For me, the stories that worked best, at least today, were the Kafkaesque “Kafka Cooks Dinner” and the remarkable account of two academics taking a walk around Oxford after having participated in a conference there, “The Walk”. But I’m sure your favourites will vary. Recommended. ( )
  RandyMetcalfe | Mar 31, 2013 |

Remember one of those moments when a friend utters a single word or phrase and it makes you both burst into side-splitting laughter, leaving others around you perplexed. That is kind of how some of Davis's very short stories work, except there is not so much laughter.

Many of her stories are about quirks and absurdities of our daily lives, little moments, our common experiences and absent-minded musings. These may be some little experiences which we vaguely recognize, but can't quite put our finger on. Or those experiences which we consider too trivial to give a thought to. She does not need any words to describe the setting. She does not need any words to describe the characters. Her stories can be so relatable that we can often draw the setting from what is around us, and we can substitute ourselves as the characters. Using only a few words, Davis puts a mirror in front of us and brings out an "I know, right?" kind of response.
“[her stories are] moving . . . and somehow inevitable, as if she has written what we were all on the verge of thinking.” - Time Magazine
There is good deal of variety in the stories, both stylistically and content-wise. Some stories are written like academic reports, some play around with language, some deal with imperfect familial ties, some are absurd and funny. There is an undercurrent of loneliness in many of the stories, while some others speak of an unbearable sadness:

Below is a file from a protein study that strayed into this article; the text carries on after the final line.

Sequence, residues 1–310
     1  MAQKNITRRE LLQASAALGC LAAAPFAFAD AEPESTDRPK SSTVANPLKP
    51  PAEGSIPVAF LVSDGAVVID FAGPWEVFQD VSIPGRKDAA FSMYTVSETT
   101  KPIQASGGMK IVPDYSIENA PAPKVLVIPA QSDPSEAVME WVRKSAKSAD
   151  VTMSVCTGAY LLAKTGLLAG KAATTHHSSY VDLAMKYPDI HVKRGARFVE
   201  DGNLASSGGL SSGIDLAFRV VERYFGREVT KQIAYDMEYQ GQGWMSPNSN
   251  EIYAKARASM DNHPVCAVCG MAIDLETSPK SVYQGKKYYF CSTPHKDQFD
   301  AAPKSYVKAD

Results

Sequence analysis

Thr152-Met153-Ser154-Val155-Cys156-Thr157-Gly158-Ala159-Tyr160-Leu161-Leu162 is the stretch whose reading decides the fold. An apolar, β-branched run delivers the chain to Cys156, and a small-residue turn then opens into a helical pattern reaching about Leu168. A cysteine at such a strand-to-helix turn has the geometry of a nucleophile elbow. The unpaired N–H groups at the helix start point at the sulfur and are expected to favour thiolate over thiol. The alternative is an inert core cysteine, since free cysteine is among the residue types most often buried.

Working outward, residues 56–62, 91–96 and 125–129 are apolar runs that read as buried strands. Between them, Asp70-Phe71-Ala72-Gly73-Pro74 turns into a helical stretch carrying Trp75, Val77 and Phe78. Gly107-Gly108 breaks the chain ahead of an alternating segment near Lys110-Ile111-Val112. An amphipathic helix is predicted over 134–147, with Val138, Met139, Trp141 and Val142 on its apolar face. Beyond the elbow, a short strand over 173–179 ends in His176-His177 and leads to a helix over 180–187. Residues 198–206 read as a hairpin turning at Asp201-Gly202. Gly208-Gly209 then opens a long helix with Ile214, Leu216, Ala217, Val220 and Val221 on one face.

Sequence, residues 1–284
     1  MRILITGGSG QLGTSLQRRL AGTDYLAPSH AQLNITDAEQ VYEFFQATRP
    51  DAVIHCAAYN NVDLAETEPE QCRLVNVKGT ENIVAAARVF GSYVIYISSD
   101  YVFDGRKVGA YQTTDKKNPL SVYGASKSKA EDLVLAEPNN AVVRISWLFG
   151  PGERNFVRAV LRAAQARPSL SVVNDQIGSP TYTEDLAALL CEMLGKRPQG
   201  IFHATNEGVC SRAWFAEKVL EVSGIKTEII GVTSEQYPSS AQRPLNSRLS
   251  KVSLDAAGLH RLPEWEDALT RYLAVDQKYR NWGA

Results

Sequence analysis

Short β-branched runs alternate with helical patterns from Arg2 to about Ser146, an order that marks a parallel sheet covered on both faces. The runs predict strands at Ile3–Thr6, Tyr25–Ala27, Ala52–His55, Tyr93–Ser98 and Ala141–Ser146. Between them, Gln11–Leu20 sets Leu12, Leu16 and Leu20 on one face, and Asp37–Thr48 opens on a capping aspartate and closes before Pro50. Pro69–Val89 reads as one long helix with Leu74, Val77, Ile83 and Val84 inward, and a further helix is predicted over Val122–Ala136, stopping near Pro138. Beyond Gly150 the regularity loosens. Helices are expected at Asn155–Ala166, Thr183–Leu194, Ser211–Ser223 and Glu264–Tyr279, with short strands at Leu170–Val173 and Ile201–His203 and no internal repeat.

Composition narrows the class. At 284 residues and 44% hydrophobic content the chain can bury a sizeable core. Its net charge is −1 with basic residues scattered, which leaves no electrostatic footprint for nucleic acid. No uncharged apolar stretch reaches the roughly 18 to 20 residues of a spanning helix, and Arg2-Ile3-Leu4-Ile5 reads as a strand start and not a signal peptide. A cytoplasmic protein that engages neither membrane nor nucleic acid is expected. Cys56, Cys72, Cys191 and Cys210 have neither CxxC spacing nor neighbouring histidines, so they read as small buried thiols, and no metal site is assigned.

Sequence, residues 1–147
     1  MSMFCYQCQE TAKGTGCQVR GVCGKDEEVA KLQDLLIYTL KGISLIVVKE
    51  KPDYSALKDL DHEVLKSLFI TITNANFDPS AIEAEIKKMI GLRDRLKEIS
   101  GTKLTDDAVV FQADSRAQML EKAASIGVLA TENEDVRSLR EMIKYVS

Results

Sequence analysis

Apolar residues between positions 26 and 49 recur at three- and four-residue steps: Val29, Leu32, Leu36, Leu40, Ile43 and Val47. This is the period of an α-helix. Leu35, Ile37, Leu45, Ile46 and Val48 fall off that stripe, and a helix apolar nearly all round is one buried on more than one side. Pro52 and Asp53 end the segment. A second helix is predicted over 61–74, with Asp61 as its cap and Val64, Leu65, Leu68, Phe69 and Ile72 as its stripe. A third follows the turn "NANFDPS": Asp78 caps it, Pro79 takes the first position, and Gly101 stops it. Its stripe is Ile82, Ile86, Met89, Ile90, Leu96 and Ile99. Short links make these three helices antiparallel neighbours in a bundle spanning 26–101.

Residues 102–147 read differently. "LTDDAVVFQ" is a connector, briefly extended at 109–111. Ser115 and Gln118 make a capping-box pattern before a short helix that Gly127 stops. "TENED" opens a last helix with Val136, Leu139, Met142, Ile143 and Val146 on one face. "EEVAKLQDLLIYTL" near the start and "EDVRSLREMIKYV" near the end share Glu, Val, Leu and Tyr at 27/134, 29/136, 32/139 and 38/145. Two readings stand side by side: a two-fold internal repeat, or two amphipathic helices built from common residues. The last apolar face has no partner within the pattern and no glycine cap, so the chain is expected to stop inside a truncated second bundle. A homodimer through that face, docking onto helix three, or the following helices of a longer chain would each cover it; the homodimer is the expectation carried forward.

"...Soon everything returned to normal: the incident had been no more than a moment of madness during which the people could not bear the frustration of their lives and had given way to a strange impulse."

"I would like to disappear into the earth like that mole. I would like to stuff myself into the drawer of the laundry chest, and open the drawer from time to time to see if I have suffocated yet. It's so much more surprising that one gets up every morning at all."

Despite, the range of emotions Davis's writing deals with, it is never overly-sentimental. She uses a calm, detached voice. She manages to condense the essence to a few innocuous sentences which hit you in just the right place.


The Good Times

“What was happening to them was that every bad time produced a bad feeling that in turn produced several more bad times and several more bad feelings, so that their life together became crowded with bad times and bad feelings, so crowded that almost nothing else could grow in that dark field. But then she had a feeling of peace one morning that lingered from the evening before spent sewing while he sat reading in the next room. And a day or two later, she had a feeling of contentment that lingered in the morning from the evening before when he kept her company in the kitchen while she washed the dinner dishes. If the good times increased, she thought, each good time might produce a good feeling that would in turn produce several more good times that would produce several more good feelings. What she meant was that the good times might multiply perhaps as rapidly as the square of the square, or perhaps more rapidly, like mice, or like mushrooms springing up overnight from the scattered spore of a parent mushroom which in turn had sprung up overnight with a crowd of others from the scattered spore of a parent, until her life with him with be so crowded with good times that the good times might crowd out the bad as the bad times had by now almost crowded out the good.”